Leader of white supremacist group arrested for allegedly threatening to kill journalist
The leader of a white supremacist group was arrested Tuesday in San Jose, California in connection with a complaint filed in a federal court alleging he conspired to make death threats against a Brooklyn-based journalist.
The complaint alleged that Nicholas Welker, a former leader of the Feuerkrieg Division, conspired with others to make death threats against a journalist who had reported on the extremist group. The complaint alleged that Welker, 31, posted death threats about the journalist in an online forum, which were then tweeted at the journalist by Welker’s co-conspirators.
The Feuerkrieg Division is an “international racially or ethnically motivated violent extremist” group, according to the complaint. The group “encourages attacks on racial minorities, the Jewish community, the LGBTQ+ community, the U.S. Government, journalists, and critical infrastructure,” according to the complaint.
“As alleged, Nicholas Welker used threats of violence in an effort to stop a journalist from reporting on the white supremacist hate group that he led,” United States Attorney Breon Peace said in a statement. “He sought to quell freedom of expression and to intimidate and instill fear in a journalist and the journalist’s employer—a well-known news media organization.”
“We will not hesitate to prosecute those who threaten the core values on which our society was founded, including freedom of the press,” Peace added.
The complaint, which was filed by FBI Special Agent Erica Dobin in Brooklyn federal court, included a description and image of the threat made by Welker to the journalist. The alleged threat included an image of a gun pointed at the journalist’s head with the words “Race Traitor” printed over the journalist’s eyes.
The vulgar caption of the threat told the journalist to “f— off” alongside “YOU HAVE BEEN WARNED,” according to the complaint.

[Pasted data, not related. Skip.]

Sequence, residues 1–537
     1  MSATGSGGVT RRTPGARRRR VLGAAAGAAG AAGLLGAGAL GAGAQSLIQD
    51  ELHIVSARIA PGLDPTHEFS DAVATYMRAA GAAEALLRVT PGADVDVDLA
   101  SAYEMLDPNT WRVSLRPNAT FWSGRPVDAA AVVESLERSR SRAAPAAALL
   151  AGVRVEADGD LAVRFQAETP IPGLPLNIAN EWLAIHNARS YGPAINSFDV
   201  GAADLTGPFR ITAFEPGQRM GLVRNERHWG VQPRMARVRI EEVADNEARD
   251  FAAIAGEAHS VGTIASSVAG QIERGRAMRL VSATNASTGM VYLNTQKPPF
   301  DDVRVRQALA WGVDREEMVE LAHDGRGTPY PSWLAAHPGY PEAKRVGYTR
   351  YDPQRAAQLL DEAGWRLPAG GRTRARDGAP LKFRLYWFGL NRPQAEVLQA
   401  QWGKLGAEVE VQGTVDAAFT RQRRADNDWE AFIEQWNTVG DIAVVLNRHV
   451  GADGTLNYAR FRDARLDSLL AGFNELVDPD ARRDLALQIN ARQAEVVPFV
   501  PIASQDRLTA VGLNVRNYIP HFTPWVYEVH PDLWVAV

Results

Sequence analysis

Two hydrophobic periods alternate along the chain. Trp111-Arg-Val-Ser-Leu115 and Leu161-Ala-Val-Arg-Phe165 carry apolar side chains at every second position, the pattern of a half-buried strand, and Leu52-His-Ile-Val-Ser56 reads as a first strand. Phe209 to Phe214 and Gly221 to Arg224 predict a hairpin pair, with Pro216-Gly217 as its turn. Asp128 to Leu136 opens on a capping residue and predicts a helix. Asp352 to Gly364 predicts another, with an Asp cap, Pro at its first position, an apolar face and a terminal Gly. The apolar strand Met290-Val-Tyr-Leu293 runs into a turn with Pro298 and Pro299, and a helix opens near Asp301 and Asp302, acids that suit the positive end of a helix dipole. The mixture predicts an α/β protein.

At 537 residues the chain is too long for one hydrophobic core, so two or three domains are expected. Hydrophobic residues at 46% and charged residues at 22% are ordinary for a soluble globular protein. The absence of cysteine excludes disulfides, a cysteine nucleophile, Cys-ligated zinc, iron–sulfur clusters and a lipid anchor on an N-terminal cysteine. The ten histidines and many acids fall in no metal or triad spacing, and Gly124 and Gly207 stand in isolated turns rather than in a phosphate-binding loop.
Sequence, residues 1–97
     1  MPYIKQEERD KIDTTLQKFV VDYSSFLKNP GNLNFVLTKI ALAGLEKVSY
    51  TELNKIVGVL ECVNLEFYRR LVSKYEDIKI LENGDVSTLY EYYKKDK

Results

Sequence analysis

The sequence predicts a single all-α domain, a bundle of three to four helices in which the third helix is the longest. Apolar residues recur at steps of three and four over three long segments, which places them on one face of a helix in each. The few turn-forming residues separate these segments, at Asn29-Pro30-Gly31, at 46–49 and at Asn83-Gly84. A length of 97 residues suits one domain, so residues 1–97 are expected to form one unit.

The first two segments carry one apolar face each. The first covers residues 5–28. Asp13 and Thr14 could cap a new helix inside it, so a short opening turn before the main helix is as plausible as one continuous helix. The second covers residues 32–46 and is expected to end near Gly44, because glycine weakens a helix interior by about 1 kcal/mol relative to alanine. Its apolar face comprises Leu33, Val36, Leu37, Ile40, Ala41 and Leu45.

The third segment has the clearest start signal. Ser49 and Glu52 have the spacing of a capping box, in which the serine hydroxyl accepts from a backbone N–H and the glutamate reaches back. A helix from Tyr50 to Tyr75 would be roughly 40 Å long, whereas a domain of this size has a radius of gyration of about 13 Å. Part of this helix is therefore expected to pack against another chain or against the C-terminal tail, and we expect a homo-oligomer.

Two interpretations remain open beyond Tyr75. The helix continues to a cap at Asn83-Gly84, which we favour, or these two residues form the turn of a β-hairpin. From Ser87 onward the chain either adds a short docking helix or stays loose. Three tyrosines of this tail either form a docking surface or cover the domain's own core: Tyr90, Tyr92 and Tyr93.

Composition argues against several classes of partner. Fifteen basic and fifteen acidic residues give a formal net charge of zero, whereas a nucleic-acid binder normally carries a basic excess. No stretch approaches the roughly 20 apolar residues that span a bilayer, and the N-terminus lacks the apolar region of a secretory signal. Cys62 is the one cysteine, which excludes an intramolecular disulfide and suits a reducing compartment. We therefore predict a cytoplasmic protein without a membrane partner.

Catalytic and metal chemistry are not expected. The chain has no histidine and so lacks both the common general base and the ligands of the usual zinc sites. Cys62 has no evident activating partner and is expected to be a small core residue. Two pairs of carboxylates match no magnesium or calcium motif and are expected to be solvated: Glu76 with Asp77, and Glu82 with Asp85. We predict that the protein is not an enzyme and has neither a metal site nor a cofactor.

The threat also included the journalist’s name, where he worked as reporter at a news media company, and claimed he was “Responsible for Stalking our Boys for Information.”
The journalist’s name and news company were redacted in the complaint.
Two of the other conspirators, who were minors, tweeted and retweeted the threat, tagging the journalist’s handle.
Dobin wrote in the complaint that tweeting or retweeting the threat at the journalist’s handle were ways that the conspirators communicated with that user.
“As alleged, Mr. Welker and those he encouraged attempted to silence a journalist with threats of violence,” FBI Assistant Director-in-Charge Michael Driscoll said in a statement. “Freedom of both speech and the press are integral to our nation, and we will not allow it to be restricted through violence or intimidation.”
“Today’s action serves as a reminder to anyone willing to attack these rights — the FBI will do everything in our power to fulfill our mission of protecting the American people and upholding the Constitution,” he added.
Welker could face up to five years in prison if convicted. He is expected to appear in the Northern District of California federal court on Tuesday.
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